‘Power of Making’ and ‘Timber Wave’ @ the V&A

“Making is the most powerful way that we solve problems, express ideas and shape our world”. This is the first sentence in the leaflet that accompanies the ‘Power of Making’ exhibition at the V&A organised in collaboration with the Crafts Council (and curated by Daniel Charny), which is in harmony with the London Festival Week and the imposing installation ‘Timber Wave’ (by award-winning architects AL_A and engineering firm Arup), a 3D 12 meter high spiral structure at the museum’s entrance.

‘Power of Making’ consists of some 100 inspiring objects demonstrating to what degree many different skills and techniques can be employed to play a vital role in modern life. The visitor has the great opportunity to see items that have been created by amateur or highly professional individuals and explore how materials can be used in order to achieve imaginative and spectacular results.

The monumental ‘King-Silver’ gorilla sculpture by David Mach made of twisted wire from coat hangers welcomes the visitor followed by the gigantic ‘Prosthetic Suit For Stephan Hawking With Japanese Steel’ by Michael T Rea, both works representing an alternative reality overtaken by the physical presence of a such powerful animal and Stephan Hawking’s powerful mind.

The exhibition highlights not only contemporary ideas and techniques but also focuses on traditions and ancient skill. A great example is the ‘Ghanaian Lion Coffin’ by Joseph Tetteh Ashong, a masterfully carved coffin painted with an airbrushing technique. The coffin reflects the profession or the talent of an individual (in this case the talent of a hunter). This different and –in a way- humorous approach to life and death meets other aspects of everyday life that appear in the show such as the prosthetic limbs for disabled people. Other exhibits include greatly inspirational furniture items such as Ron Arad’s chair, innovative fashion objects such as Alexander McQueen’s ‘Armadillo Shoes’, the head peace ‘Blond Lips’ by Charlie Le Mindu (worn by Lady Gaga), Susie MacMurray’s unwearable ball gown ‘Widow’ made out of 100,000 pins, the custom-made low rider bicycle with 110,000 Swarovski crystals by Ben Wilson and the hyper-realistic “Baby Cake” by Michelle Wibowo.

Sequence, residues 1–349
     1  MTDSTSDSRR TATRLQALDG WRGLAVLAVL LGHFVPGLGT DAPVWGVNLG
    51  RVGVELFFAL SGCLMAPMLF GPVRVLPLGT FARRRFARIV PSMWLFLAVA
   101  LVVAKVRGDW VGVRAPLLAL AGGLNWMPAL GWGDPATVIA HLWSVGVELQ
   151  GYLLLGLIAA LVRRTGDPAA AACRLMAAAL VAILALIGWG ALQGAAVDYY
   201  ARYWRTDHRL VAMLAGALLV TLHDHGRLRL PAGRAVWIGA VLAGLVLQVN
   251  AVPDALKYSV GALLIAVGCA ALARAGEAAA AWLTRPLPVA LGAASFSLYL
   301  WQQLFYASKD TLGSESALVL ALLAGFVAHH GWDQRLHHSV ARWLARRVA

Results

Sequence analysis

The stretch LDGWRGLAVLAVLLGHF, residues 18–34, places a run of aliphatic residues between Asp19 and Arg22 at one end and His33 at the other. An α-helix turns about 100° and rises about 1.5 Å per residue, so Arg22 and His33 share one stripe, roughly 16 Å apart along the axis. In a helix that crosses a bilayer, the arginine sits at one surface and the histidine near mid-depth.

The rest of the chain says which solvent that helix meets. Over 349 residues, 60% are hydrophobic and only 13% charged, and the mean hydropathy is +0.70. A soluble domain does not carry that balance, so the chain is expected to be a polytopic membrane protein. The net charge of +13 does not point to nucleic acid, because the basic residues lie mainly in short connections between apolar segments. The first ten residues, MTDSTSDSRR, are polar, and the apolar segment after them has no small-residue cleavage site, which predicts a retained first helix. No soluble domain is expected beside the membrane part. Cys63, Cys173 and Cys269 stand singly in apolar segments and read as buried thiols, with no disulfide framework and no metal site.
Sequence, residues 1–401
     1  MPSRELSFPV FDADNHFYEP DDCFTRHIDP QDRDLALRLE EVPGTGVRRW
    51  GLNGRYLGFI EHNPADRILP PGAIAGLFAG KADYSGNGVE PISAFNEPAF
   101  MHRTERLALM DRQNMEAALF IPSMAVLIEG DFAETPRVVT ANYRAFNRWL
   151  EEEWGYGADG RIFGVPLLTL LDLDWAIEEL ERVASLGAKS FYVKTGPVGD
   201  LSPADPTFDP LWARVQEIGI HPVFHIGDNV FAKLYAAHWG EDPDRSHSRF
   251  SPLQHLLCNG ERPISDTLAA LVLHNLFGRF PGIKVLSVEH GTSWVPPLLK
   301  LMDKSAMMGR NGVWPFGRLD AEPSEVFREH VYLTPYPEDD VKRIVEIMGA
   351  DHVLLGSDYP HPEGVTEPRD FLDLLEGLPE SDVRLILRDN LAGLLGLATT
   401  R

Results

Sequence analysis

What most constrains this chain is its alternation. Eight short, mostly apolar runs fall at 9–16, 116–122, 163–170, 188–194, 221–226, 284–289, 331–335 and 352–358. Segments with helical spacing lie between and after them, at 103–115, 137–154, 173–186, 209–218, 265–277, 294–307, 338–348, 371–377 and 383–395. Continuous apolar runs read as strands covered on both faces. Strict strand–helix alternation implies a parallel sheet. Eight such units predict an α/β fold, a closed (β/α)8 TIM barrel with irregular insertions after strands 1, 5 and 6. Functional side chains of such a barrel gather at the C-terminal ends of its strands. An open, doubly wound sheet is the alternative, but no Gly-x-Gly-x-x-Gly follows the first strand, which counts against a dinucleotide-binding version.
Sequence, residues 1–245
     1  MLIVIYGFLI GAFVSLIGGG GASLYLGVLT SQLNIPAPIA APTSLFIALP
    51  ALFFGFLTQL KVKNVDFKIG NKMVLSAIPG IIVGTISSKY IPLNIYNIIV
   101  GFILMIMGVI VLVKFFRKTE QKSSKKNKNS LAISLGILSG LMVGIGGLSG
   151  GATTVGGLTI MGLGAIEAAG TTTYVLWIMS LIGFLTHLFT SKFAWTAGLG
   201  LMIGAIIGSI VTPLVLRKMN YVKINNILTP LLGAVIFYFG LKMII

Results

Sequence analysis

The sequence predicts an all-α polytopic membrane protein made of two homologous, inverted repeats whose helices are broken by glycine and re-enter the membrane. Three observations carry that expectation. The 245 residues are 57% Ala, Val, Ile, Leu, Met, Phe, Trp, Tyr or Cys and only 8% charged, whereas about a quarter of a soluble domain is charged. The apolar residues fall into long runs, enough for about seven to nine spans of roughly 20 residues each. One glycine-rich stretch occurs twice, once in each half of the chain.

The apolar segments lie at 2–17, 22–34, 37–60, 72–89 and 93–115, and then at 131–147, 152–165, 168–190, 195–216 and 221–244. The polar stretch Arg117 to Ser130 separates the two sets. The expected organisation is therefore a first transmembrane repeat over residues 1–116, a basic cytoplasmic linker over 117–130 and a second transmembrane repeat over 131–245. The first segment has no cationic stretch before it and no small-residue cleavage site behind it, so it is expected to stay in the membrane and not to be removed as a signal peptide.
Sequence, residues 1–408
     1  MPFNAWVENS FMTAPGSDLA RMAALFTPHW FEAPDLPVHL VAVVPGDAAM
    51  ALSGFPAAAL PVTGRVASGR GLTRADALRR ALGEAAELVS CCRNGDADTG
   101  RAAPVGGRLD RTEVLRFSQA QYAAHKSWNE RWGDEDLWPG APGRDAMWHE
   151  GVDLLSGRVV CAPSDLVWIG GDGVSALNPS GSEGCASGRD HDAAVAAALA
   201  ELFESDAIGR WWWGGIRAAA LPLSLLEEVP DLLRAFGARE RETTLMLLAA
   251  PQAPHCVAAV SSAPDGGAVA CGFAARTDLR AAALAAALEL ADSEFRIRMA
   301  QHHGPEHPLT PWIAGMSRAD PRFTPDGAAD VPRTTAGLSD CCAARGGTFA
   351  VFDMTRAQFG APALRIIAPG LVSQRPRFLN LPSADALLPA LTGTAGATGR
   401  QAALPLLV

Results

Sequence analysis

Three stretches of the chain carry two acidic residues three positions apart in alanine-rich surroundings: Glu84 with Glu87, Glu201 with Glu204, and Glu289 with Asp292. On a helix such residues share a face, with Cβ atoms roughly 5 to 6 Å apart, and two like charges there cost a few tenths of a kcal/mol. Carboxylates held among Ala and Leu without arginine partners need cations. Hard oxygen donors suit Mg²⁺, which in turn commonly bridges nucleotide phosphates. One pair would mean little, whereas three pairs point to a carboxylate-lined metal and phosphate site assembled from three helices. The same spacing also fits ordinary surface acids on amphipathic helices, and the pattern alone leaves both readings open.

‘Power of Making’ is a celebration of craftsmanship that explores personal skill expressed via old and new techniques, modern technology, imagination and innovative spirit. The accompanying video projections, workshops, talks and open studios emphasise the entire process of making and creating. This, undoubtedly, encourages the visitor to appreciate not only the result but the whole process and entity of an object. Despite the significant lack of space this exhibition offers a better understanding of how traditional skill can be threatened by the modern commercial industry but it also provides the potential basis for a strong dialogue between the two.
|Kostas Prapoglou